Talk about beating the odds.
Shannon Satonori Lytle, the son of a warehouse worker and an immigrant, became the first person in his family to earn a university degree when he graduated from Harvard on May 25, 2017.
He shared his accomplishment and the hard work it took to get him there in a post on Facebook, recounting flipping burgers in high school to pay for the SAT, caring for his younger siblings and hanging out his window to mooch off his neighbour’s wifi to finish his homework.
Lytle also wrote about the dismissive attitudes of people around him who didn’t think he’d ever reach his goals.
“I was scoffed at and told, "From this part of Ohio, only the children of doctors and lawyers get to go to Ivy League Schools,”’ the post reads.
He sure did prove them wrong.
Lytle also talked about his fear when his laptop broke, as it had cost him 150 hours of work to buy in the first place.
The new grad, who finished school with a degree in computer science, wrote in a separate, now unavailable, post that he began university with $120 and chose that area of study because it didn’t require as many textbooks, making the classes more affordable than other subjects, according to Teen Vogue.
Lytle also clarified in a later post that he was aware of SAT fee waivers and other initiatives to make applying to college more affordable to low-income students, but that the reality was many students don’t know these options are out there and applying to many schools can be unaffordable regardless.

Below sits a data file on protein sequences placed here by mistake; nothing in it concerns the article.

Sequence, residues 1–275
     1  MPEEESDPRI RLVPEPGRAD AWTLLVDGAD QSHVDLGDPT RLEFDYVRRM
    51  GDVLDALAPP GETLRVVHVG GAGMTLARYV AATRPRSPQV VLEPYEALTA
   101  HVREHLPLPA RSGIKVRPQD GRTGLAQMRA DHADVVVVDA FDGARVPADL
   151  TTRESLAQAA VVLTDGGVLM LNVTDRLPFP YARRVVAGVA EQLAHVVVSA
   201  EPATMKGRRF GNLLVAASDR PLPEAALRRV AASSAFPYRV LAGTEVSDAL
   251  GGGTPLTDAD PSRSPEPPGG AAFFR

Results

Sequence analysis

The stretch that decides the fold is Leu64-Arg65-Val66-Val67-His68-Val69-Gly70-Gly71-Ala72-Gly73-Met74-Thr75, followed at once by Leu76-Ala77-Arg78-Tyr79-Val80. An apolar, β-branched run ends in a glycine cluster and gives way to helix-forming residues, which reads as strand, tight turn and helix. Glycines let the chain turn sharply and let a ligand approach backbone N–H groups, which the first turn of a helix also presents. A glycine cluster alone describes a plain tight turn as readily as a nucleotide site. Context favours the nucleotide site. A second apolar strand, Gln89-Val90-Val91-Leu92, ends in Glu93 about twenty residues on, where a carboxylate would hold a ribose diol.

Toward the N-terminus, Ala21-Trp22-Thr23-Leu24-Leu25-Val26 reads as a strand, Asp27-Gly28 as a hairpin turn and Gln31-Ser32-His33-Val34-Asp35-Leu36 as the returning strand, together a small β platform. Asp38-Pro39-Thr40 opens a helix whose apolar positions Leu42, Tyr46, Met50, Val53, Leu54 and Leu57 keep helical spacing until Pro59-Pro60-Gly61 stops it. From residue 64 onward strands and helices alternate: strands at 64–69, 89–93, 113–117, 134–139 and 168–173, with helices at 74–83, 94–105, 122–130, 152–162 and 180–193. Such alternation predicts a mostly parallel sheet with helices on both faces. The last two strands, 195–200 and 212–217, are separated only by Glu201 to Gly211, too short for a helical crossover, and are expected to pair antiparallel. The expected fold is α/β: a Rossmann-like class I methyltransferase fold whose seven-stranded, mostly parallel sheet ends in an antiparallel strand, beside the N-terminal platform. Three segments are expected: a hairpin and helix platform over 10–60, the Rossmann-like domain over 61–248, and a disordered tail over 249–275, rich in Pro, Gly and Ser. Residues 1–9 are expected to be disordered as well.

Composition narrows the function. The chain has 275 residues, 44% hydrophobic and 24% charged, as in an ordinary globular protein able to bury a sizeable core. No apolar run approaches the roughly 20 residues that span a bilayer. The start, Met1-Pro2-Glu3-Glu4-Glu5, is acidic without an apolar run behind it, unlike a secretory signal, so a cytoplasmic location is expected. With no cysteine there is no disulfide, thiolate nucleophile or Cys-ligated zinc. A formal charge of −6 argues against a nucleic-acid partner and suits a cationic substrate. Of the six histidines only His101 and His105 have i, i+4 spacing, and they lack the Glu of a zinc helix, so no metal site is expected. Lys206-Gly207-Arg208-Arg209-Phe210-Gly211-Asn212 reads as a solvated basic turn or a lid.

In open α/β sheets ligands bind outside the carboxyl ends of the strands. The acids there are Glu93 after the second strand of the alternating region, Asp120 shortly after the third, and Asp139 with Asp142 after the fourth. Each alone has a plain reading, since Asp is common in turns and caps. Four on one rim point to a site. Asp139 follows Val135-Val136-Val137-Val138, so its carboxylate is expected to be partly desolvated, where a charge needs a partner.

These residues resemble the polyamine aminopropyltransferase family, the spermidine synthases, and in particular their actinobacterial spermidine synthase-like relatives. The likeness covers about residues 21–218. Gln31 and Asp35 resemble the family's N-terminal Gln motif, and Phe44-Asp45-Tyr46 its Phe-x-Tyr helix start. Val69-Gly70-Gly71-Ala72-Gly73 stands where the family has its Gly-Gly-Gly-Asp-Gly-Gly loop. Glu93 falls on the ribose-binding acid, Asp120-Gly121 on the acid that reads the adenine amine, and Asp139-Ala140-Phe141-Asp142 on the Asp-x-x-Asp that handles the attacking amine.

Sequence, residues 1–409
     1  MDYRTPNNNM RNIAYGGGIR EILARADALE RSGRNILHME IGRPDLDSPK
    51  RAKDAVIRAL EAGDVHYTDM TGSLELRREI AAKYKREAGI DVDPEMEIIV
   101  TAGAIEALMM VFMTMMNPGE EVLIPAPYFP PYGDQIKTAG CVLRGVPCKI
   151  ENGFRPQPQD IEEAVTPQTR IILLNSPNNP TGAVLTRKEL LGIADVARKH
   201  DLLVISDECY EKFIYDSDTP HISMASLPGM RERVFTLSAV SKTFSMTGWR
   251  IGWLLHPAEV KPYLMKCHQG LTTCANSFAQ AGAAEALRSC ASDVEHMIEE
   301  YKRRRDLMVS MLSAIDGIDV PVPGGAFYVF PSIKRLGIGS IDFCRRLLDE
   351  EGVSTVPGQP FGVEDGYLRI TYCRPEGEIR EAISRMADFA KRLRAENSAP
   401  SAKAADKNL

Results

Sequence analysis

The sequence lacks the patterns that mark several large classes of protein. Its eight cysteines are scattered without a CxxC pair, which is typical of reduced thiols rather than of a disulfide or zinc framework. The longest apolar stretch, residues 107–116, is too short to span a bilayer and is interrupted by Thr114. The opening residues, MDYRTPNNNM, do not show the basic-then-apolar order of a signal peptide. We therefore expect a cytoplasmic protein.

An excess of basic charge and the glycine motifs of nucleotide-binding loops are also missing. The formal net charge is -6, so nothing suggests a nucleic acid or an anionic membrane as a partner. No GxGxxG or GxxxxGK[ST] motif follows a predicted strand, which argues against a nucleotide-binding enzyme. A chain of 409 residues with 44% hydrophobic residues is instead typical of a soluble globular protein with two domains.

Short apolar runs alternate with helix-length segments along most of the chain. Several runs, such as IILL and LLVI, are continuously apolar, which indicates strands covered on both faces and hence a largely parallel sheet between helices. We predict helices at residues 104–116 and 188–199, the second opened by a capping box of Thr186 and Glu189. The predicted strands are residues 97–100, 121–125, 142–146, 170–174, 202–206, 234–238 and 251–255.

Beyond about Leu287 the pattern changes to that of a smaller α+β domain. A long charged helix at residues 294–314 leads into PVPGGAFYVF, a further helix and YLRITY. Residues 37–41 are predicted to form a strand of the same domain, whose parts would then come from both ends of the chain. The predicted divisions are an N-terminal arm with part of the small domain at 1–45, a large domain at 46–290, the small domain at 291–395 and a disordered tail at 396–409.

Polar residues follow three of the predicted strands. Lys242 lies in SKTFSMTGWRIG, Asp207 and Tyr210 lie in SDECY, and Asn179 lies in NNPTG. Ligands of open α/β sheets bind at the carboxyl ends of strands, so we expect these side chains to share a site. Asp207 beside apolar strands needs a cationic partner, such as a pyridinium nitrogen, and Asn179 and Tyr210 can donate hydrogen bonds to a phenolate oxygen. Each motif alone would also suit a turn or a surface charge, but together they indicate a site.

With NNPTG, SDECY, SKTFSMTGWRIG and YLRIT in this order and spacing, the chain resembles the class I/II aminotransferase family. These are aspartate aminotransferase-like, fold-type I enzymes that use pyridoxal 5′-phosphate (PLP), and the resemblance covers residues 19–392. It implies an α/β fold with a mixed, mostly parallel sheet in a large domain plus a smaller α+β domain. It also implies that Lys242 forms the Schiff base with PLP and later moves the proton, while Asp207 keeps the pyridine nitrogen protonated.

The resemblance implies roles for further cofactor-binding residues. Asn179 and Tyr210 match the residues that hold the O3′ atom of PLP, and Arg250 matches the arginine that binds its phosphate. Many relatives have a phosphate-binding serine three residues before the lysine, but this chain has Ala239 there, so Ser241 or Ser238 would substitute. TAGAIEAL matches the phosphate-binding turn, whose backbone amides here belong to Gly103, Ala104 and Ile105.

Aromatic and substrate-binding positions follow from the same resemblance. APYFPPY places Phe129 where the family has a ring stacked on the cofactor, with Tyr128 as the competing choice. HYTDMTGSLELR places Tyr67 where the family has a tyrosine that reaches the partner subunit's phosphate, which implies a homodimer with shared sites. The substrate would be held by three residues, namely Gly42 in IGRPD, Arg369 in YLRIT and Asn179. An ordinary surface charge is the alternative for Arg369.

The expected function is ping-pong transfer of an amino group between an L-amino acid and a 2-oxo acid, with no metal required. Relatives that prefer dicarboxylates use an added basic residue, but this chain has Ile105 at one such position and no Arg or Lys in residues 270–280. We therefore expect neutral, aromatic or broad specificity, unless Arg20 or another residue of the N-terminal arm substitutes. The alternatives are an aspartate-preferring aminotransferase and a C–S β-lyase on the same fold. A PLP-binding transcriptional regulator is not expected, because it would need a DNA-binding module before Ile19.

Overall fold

This reality isn’t uncommon in the United States.
Tuition alone for undergraduate students at Harvard is over $40,000 USD per year, and other colleges in the U.S. aren’t doing much better, with tuition at public universities still averaging above the $20,000 USD mark, according to College Board.
Census data shows poverty rates among college students in the U.S. are higher than the general population, and when off-campus students are taken out of the equation, the poverty rates in many cities drop drastically, especially in college towns.
While the situation in Canada isn't as bad as our southern counterparts, students are still struggling. The average cost of tuition is over $6,000 per year, with the most expensive areas being Saskatchewan and Nova Scotia where students routinely pay over $7,000 on average.
In addition, according to a study by the charitable organization Meal Exchange, nearly 40 per cent of Canadian students are food insecure. Food bank usage by students has also risen dramatically as tuition rates continue to rise faster than inflation does. The stats are especially bad when marginalized communities are considered, with black and indigenous households experiencing the highest rates of food insecurity.
Food bank usage by students has also risen dramatically as tuition rates continue to rise faster than inflation does.
As for Lytle, he told Teen Vogue he wanted other people in his situation to know that they shouldn’t feel inferior because of their socioeconomic situations.
“No matter what your personal obstacle is, please don’t feel this way if you can help it. Raise your head, roll up your sleeves, and work hard knowing that every person is valuable and deserves a chance to become the person they want to be.”